A close family who has found themselves stranded on an
island after a shipwreck - By J. D. Wyss

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Fritz, a little ashamed, was dressed first; Jack soon after him, and Francis next; the ever-slothful Ernest was the last.
Breakfast over, we returned to the seaside to complete the unloading of the raft, that it might be ready for sea on the ebbing of the tide. We were not long in taking two cargoes to Falcon Stream. At our last trip the water was nearly up to our craft. I sent back my wife and the boys, and remained with Fritz till we were quite afloat, when, observing Jack still loitering near, I guessed at his wish, and allowed him to come with us. Shortly after, the tide was high enough for us to row off. Instead of steering for Deliverance Bay to moor our boats there, I was tempted by a fresh sea-breeze to go out again to the wreck; but it was too late to undertake much, and I did not want to pass another night on board. I therefore deter­mined to bring away only what we could pick up easily. Jack was up and down everywhere, and presently he shouted that he had found a wheel­barrow for carrying our potatoes.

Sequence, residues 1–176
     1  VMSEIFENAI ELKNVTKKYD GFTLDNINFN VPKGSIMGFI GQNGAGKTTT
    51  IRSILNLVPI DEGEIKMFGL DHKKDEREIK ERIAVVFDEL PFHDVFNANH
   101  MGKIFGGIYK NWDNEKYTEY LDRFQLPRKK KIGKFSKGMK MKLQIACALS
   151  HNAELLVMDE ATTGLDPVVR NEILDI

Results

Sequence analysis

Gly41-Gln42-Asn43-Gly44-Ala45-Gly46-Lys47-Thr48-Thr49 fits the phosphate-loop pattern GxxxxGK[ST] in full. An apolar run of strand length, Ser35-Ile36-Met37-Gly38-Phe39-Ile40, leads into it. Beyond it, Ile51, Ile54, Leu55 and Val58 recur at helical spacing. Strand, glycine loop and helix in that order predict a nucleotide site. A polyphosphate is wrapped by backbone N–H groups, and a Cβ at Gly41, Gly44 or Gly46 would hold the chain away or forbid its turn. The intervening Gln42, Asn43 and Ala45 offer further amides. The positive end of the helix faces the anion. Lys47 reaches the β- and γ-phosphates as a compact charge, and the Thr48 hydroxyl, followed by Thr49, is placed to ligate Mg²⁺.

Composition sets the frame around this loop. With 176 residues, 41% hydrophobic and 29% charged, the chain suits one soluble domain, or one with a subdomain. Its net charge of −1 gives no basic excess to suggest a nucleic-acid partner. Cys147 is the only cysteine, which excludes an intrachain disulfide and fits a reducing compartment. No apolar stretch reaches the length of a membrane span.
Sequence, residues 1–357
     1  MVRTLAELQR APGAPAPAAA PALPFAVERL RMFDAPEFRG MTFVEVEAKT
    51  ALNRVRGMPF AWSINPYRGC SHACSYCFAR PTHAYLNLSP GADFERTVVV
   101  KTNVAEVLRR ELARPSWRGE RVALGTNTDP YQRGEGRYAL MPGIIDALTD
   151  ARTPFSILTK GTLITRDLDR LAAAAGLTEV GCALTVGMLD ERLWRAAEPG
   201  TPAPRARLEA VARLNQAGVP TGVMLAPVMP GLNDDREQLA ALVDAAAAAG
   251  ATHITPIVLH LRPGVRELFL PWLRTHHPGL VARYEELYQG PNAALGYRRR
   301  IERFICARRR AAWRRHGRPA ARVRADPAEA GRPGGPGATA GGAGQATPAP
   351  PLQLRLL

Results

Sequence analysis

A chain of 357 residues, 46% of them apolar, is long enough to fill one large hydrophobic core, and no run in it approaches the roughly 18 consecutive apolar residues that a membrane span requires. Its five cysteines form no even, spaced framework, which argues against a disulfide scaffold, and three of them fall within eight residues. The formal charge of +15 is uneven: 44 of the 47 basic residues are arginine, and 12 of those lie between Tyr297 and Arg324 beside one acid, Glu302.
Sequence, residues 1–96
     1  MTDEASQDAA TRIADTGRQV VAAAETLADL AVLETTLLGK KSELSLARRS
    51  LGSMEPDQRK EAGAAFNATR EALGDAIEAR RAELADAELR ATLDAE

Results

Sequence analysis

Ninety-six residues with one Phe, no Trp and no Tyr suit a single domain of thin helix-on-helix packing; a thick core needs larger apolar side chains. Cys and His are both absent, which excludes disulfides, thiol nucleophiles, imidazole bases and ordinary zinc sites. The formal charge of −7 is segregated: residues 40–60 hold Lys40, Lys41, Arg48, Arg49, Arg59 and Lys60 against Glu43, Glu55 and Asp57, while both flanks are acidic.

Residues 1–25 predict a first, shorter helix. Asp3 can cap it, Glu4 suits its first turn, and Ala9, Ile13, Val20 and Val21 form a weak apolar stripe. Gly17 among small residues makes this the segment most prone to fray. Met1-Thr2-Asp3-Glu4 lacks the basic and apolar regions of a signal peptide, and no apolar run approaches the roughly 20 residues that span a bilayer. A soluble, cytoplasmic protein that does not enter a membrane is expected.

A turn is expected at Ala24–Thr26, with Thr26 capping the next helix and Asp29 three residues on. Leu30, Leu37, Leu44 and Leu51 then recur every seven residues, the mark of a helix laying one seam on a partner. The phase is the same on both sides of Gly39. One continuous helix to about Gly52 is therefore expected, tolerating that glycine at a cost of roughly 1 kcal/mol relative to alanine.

But Fritz discovered behind the bulk-head amid-ship a pinnace—i.e., a small craft, the fore part of which is square—taken to pieces, and two small guns for its defence. This delighted me, but I
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